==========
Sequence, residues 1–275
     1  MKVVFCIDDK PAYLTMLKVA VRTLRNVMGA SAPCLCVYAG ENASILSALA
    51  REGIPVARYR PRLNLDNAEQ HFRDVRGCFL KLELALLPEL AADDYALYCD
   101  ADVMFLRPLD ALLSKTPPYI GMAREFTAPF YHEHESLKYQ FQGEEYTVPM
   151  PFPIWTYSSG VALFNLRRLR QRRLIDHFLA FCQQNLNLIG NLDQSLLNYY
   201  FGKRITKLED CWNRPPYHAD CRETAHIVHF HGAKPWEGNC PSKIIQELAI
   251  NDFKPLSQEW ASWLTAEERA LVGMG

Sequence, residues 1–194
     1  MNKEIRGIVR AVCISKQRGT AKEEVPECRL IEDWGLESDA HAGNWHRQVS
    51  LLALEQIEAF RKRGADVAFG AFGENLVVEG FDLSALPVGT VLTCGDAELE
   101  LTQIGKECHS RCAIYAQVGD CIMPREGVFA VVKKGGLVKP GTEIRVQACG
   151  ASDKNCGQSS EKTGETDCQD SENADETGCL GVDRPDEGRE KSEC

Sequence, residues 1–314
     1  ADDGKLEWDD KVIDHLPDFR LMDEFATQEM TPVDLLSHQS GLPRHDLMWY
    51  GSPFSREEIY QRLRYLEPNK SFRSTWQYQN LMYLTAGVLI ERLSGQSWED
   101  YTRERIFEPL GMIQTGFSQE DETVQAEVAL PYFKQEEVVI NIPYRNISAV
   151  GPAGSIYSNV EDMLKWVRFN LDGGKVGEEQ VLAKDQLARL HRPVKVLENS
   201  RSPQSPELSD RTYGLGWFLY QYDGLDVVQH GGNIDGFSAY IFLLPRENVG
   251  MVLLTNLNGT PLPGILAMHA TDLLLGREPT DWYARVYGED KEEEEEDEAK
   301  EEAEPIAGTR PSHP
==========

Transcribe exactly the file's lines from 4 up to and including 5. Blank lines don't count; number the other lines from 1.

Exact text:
   101  ADVMFLRPLD ALLSKTPPYI GMAREFTAPF YHEHESLKYQ FQGEEYTVPM
   151  PFPIWTYSSG VALFNLRRLR QRRLIDHFLA FCQQNLNLIG NLDQSLLNYY